By Sibel Deren Guler | May 03, 2017
Sibel Deren Guler is a physicist, designer, and educator based in New York. She is an Infy Maker Award Winner for her Teknikio project. She researches and develops technology that uses interactivity and computation to explore nature from a playful and sustainable approach.
On the cover of my planner there is a sticker that reads "We are all makers". I wholeheartedly believe this statement to be true, but unfortunately I don’t think that we all feel that way. I’ve been practicing making all of my life and over the past 10 years I’ve become more interested in trying to solve the problem of why there is a lack of confidence around making. The "maker movement" perhaps unintentionally has created a brand around making that has put a large emphasis on electronics and technology, while making at its core is simply the act of creating something out of parts, whether those parts be milk and eggs, or wires and magnets. It is not a measure of the quality or importance of the objects created, but the act, the ability to put these things together.
I studied physics in college and was always drawn to art and design. I took courses in photography and physical computing to explore these fields and became fascinated by the intersection of science and art. My projects in grad school, where I studied Computational Design included energy-harvesting playgrounds, air-quality sensing kits, and interactive maps.
My journey continued with a quest to make a gender-neutral beginner’s toolset for combining craft with technology, accessible to ages 8-108. At the time, I felt that there was no kit on the market that incorporated all of these characteristics while successfully attracting girls. Over time, this project has evolved into a retail product and includes a line of several toolsets under the brand Teknikio. Along with a retail line, we offer workshop sets which are being continuously enhanced with additional resources for educators. We hope to have a deeper impact on future makers with our education partners.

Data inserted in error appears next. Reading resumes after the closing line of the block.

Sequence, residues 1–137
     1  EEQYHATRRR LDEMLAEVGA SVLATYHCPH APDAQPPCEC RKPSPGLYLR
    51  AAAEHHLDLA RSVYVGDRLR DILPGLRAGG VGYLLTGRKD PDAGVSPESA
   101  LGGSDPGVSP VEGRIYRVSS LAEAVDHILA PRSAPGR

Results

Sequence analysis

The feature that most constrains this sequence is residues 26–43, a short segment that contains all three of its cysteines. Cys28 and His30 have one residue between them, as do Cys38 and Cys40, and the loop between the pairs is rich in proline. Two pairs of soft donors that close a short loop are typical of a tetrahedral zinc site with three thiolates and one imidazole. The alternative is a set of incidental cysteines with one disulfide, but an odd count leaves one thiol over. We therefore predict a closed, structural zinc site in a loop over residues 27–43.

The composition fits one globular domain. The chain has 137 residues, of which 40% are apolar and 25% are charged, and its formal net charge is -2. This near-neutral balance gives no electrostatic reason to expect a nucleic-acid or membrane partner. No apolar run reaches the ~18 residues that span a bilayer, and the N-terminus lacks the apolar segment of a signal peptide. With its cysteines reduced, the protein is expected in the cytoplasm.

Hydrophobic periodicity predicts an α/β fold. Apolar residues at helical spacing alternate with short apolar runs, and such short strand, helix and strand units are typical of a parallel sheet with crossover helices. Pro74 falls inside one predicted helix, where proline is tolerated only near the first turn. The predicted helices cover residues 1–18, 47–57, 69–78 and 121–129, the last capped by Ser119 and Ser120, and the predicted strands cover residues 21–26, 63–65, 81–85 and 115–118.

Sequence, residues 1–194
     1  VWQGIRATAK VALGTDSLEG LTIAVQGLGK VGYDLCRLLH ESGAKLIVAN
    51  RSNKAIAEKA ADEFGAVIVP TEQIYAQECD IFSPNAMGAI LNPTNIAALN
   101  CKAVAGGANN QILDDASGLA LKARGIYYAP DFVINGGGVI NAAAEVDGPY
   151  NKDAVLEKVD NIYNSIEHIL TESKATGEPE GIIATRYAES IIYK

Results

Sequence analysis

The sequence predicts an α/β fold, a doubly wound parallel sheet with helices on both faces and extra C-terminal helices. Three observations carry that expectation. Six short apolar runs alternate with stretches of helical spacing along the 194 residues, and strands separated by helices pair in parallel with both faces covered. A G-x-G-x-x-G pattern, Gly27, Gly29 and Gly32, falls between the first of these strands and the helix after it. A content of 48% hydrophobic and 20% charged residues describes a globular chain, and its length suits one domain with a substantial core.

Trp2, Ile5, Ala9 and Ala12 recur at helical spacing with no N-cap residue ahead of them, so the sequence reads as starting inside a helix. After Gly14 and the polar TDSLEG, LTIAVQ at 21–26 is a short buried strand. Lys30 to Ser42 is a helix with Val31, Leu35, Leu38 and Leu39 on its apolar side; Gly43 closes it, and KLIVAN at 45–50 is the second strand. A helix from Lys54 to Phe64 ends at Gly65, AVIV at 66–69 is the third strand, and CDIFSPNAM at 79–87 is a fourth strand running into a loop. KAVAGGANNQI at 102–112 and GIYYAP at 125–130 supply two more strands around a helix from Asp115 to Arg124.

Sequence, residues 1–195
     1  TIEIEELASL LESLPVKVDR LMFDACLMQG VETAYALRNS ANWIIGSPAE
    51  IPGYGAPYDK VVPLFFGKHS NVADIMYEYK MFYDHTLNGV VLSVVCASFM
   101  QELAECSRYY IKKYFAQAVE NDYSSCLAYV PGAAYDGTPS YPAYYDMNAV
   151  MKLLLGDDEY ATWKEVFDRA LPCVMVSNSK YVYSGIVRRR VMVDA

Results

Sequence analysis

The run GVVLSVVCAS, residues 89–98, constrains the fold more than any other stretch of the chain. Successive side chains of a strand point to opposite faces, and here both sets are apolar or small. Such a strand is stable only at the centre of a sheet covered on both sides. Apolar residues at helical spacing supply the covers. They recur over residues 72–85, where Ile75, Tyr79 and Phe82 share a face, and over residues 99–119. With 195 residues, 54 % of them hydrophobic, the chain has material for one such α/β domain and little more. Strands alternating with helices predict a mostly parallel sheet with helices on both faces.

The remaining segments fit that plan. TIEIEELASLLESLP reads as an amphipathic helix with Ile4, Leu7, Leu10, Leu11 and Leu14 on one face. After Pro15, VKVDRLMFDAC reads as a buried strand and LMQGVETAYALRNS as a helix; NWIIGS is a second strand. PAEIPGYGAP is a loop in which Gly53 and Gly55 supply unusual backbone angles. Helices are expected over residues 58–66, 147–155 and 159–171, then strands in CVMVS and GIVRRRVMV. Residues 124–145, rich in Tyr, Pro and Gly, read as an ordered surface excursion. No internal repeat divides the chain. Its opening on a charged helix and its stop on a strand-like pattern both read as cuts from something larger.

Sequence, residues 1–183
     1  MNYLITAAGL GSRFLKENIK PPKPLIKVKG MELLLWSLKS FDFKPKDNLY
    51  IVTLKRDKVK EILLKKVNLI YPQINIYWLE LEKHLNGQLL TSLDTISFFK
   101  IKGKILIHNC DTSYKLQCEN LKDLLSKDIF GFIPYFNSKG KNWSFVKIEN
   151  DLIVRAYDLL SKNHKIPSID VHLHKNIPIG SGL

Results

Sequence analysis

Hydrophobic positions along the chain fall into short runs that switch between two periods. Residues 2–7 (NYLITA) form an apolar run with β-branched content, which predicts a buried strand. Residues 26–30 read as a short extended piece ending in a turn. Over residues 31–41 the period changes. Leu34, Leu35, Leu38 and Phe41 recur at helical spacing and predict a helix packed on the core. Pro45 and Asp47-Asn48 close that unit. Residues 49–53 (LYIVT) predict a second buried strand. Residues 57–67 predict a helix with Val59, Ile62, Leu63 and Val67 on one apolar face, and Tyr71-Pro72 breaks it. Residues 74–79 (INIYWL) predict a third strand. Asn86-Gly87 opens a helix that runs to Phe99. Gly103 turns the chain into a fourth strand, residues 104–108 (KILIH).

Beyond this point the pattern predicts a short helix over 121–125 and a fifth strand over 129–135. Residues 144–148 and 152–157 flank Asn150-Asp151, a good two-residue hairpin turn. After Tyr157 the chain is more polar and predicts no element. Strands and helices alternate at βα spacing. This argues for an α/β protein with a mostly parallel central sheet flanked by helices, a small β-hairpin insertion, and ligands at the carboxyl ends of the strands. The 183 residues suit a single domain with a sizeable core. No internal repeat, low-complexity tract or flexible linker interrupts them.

At Teknikio, we try to create a balance, a comfortable way for people to level up their making, engineering, and design skills. This balance is about finding ways to foster creative confidence. If a project set is too open ended the user may feel lost and worse yet, incapable of figuring out how to make something out of the parts. This is based on my experience when teaching beginner electronics to undergraduate students. The toolsets they were using in class were very comprehensive and yet students would feel overwhelmed and resort to making something simple using the least amount of parts necessary for their project. On the other hand, if a project is too prescribed, the user may feel like they were able to create and make, but might not feel ownership of the end product. We have observed that when a student is able to design his/her own project, the result is excitement, plus a deeper understanding of STEM concepts.
A critical part of Teknikio’s mission is close the gender gap in STEM fields. Research shows that one of the reasons there are so few women in STEM is that they give up on themselves more easily. An international study by the Organisation for Economic Cooperation and Development found that girls were more nervous and anxious than boys about their abilities to excel in science and math. Though there are a number of factors for why this is the case, I believe that by empowering girls at a young age, by giving them experiences where they do take pride in their skills, we can solve this problem. I make because I want to help others find and recognize the maker in themselves.